Now Drones Can Safely Land On Steep Roofs

Shock-absorbing legs and advanced thruster control could let drones land almost anywhere.

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Although most consumer-oriented drones are able to land themselves, their automated landing systems require a flat landing site, minimal winds, and low speeds to safely touch down. That’s not always available, so researchers have developed a new landing system that allows drones to land in rougher conditions, even on surfaces sloped as steep as 60-degrees.

It seems inevitable that, one day, the skies will be buzzing with thousands of drones delivering everything from fast food orders to prescription meds. But before that day arrives, these automated delivery systems are going to need robust failsafe systems. That’s especially true when it comes to finding safe places, away from people, when the need for an emergency landing arises. There are lots of risks to a drone simply touching down on the first flat open space it finds, but what if landing options weren’t so limited? What if a drone could land in the places where people fear to tread?


That’s part of the inspiration for a new landing system developed at the Université de Sherbrooke’s Createk Design Lab in Quebec, Canada. Most drone makers assume that landings will be performed in ideal conditions at optimal locations, and so rely on rigid landing gear that doesn’t provide enough friction to steady a drone on inclined surfaces. Current landing systems also tend not to provide enough flex to absorb the impact of of a drone coming in too fast, resulting in it bouncing off or taking considerable damage.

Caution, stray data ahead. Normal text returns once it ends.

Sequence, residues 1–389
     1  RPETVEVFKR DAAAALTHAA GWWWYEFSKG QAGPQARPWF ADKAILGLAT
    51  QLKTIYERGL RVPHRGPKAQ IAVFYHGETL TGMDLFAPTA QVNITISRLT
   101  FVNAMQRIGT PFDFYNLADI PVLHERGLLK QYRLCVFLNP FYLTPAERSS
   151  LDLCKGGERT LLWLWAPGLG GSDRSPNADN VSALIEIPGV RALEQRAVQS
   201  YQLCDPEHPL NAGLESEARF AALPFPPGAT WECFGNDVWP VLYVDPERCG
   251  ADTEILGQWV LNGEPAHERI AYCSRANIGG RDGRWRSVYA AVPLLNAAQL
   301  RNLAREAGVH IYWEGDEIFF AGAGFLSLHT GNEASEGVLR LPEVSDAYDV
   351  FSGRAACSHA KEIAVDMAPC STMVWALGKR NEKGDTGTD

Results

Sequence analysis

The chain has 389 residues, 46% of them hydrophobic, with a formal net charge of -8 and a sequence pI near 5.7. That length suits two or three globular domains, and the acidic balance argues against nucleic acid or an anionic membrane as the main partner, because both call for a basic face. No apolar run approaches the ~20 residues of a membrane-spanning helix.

The solution the researchers at the Createk Design Lab came up with was two-fold, starting with equipping a drone with four landing legs that use friction-based shock absorbers to dissipate excess energy as the drone touches down. A small electric motor can actively increase the amount of friction at the moving hinge point where each leg connects to the drone, ensuring there’s no excess energy remaining that could cause the drone to bounce away.

Fast Multirotor Landings on Steep Roofs using Friction Shock Absorbers and Reverse Thrust

The researchers’ other trick is similar to what large commercial airliners use to ensure a plane doesn’t overrun the runway during a landing: reversing the engines at touchdown. For the drone, reversing the direction its props are spinning creates a downforce that pushes it onto the surface where it’s landing to further minimize any bouncing or deflections, while increasing friction to bring it to a stop faster. In some cases, such as a rough landing on a surface with a severe 60-degree angle and at speeds of over 6MPH, the reverse thrust can even prevent a drone from completely tipping over.


Few of us spend much time hanging out on the roofs of our homes. That also makes them an ideal place for drones to make emergency landings, because the risk of someone being up there at the same time is incredibly slim. But these newfound landing skills also mean a drone that is potentially running out of battery, or struggling with a mechanical issue, doesn’t need to spend as much time hunting for a safe and level landing spot, risking a very unsafe crash landing if it can’t find one in time. This approach greatly increases where a drone can safely and quickly touchdown.